It was October 31, 1517 when Martin Luther nailed his 95 theses to the door of the Castle Church in Wittenberg. Luther was simply attempting to begin a discussion about the abuses and false teaching happening in the Church. Little did he know, this would spark a movement that changed the Church and Western civilization.
But, someone might ask, “Who cares? How does studying something that happened over 500 years ago affect my life today?”
There are several reasons why modern Christians should look back and learn from Reformation, but we’ll narrow it down to a few: to learn from history, to see how the gospel can be perverted and how to fight for it, and to be reminded of the importance and power of God’s Word. It would be too much to discuss these points in a single post, so we’ll divide it up into a three-part series.
Today, we’ll look at the importance of learning from history.
Learning From History
We’ve probably all heard the famous quote, “Those who do not learn history are doomed to repeat it.” Ecclesiastes tells us “there is nothing new under the sun.” There’s wisdom in seeking to learn lessons from the past while striving to do better in the future.
We study history in schools because it’s important. If you live in the U.S., you will probably study U.S. history, and if you live in Texas, you will most likely study Texas history. We need to look at events like World War II to be reminded of what happened and what could happen again if we’re not diligent. Learning from past mistakes can help prevent us from repeating them.
History not only teaches us, but it can also inspire us with true stories of heroism. Most of us feel inspired by the phrase, “Remember the Alamo!” There’s a surge of emotion and bravery when we see the photo Raising the Flag on Iwo Jima. We all love a good story filled with drama, conflict, bravery, and a win-against-all-odds victory, and history is filled with these types of real-life stories. These stories don’t just fill our head with facts, they capture our hearts.
In the same way, shouldn’t believers have a desire to study church history? Isn’t is important to see how the church has arrived at this point, the mistakes we have made, and the ways God has used faithful servants in the past? Shouldn’t those acts of bravery by godly men and women inspire us to live for Christ today? Since God is sovereign, we can look at history and see His fingerprints and how He has worked to save imperfect people and use them to impact the world.
Studying history can protect us from error as we study what the church has historically believed and how she has refuted false teaching in the past. Many modern-day heresies are simply repackaged heresies from of old, and knowing them can help us show discernment. Of course, the Bible is the sole authority, but we can learn from godly men and women who were filled with the Spirit and studied scripture. We study Scripture in community, and this community includes those who have gone before us.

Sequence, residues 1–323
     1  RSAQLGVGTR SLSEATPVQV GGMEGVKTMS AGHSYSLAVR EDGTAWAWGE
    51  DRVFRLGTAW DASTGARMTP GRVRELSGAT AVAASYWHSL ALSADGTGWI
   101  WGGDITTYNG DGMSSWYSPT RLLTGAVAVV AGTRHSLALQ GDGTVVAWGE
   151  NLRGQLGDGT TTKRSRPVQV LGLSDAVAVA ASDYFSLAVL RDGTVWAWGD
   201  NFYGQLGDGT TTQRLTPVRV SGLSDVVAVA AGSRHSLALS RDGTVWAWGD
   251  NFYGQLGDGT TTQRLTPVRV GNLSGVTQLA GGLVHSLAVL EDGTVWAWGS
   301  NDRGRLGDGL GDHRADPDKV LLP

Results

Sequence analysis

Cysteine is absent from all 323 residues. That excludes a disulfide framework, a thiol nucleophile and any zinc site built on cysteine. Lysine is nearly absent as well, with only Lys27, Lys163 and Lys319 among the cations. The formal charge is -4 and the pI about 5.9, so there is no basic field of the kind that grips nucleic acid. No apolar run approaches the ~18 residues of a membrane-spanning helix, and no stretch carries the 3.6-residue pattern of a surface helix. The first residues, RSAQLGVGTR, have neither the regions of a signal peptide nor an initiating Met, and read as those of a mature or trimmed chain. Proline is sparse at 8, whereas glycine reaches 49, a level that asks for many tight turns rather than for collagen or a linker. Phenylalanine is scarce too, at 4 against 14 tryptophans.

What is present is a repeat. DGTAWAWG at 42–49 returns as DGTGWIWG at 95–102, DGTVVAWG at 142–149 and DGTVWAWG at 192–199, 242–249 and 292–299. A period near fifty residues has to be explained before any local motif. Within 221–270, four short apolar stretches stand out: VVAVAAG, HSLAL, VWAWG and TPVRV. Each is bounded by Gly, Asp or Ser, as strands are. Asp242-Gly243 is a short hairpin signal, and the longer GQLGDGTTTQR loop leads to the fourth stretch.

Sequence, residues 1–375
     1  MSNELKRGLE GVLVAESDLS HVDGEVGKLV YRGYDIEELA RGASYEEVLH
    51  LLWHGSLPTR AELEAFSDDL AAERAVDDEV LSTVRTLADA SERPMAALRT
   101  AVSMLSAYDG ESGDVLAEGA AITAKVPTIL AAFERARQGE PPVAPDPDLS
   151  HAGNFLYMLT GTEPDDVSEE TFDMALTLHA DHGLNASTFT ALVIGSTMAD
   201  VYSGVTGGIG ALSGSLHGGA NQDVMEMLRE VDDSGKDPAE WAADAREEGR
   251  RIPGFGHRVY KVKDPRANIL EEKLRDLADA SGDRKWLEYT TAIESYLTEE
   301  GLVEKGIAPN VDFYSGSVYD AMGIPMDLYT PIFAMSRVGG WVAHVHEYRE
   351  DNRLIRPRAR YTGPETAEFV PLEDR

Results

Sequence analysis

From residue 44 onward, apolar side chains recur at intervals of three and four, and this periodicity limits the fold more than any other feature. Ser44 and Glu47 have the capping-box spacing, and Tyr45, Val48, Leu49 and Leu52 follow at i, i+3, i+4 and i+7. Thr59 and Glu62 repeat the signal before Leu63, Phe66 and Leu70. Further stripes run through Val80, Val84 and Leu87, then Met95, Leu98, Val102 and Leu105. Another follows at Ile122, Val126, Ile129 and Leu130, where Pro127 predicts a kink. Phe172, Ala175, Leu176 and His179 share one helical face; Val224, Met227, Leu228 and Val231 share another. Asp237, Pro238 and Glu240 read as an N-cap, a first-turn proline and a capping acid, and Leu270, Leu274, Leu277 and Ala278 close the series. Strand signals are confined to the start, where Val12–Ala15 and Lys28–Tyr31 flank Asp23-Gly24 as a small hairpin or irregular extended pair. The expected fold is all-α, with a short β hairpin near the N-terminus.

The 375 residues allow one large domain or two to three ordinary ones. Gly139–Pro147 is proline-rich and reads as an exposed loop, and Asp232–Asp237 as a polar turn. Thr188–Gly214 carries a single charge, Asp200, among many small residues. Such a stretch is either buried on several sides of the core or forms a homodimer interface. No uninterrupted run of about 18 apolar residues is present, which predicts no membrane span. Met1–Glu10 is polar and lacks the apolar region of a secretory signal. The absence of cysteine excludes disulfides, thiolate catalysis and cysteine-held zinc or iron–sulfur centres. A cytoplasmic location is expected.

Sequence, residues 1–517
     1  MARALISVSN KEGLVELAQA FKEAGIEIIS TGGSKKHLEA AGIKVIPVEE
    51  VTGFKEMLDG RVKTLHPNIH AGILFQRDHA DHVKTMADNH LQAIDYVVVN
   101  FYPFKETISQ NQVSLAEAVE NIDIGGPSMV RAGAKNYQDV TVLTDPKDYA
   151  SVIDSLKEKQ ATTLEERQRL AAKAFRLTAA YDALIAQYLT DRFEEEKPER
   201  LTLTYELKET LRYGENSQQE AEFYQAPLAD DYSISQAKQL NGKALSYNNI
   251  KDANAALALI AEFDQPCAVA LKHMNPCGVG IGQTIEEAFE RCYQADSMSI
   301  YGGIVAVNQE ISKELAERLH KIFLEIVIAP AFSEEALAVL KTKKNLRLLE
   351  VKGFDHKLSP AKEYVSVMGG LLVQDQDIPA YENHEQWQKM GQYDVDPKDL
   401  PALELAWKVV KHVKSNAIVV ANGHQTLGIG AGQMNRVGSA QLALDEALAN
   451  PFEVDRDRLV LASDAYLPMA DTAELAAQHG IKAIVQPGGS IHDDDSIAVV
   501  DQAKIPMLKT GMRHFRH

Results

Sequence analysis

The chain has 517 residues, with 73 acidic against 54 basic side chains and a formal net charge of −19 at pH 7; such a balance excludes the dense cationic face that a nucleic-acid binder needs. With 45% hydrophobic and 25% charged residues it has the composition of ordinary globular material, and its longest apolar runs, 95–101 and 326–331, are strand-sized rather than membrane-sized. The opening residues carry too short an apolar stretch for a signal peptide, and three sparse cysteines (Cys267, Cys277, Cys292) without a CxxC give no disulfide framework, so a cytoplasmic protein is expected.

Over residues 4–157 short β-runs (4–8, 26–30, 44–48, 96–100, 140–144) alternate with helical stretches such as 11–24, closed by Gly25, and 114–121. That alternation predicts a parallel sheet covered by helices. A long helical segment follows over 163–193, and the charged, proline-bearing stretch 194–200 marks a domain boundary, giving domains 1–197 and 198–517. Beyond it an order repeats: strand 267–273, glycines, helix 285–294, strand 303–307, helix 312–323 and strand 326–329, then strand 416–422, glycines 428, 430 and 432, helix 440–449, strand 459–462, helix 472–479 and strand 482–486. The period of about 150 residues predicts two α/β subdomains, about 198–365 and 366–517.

The Reformation occurred in a time when there was great corruption and false teaching. The message of the gospel had been diluted, the people didn’t have the Bible in their own language, and they were led astray by the leaders of that time. We will examine these things more specifically in the upcoming posts; as we do so, let us learn how we can fight for the purity of the gospel and the centrality of God’s Word. Let us be inspired by men like John Hus, William Tyndale, Hugh Latimer, and many others who were strangled or burned at the stake for standing up to the corruption. May their stories encourage us to stand for our faith no matter what it cost…even to the point of death.
The true gospel must be fought for in every generation. Likewise, in every generation, there will be an attack on God’s Word and biblical preaching. We see these things in our day, and the Church is called to stand and be the light in the midst of darkness. Learning from faithful servants who have gone before us can help prepare and equip us. So, as we celebrate the anniversary of the Reformation, let us learn from the past as we continue to move forward proclaiming the good news of Jesus Christ as it has been revealed in God’s Word!
0 thoughts on “Who Cares About The Reformation?”
Reblogged this on Truth2Freedom's Blog.
You are so right about the value of history. Being a Baptist, I never learned about the Reformation, but I have a doctorate in Sociology and the Reformation is part of its history story, so I have taught it in classes. This is the second article in the last three days that I have read on the importance of the Reformation, with the other being in a Journal for Preachers journal article. So, I think I will read it a little deeper, especially because when we were in Portugal, we attended a church with a mission to Catholics, to bring them into Protestantism. I do not know if I agree that all of them need saving or saving or born again or that they are not true Christians. I will say that visiting cathedrals dedicated to Mary, mother of Jesus, seemed to give her near equality of worship with Jesus, and that was a little close to idolatry for me, but I don’t know anything about Catholicism to fully grasp if they just revere her or how they see her. While in Spain aoupke of weeks ago, we visited a museum dedicated to the story of her ascension to heaven and prayers are made to her. It was a little creepy, but who am I to say they are wrong, especially as the Bible does not speak of her death. Sorry to be so loquacious.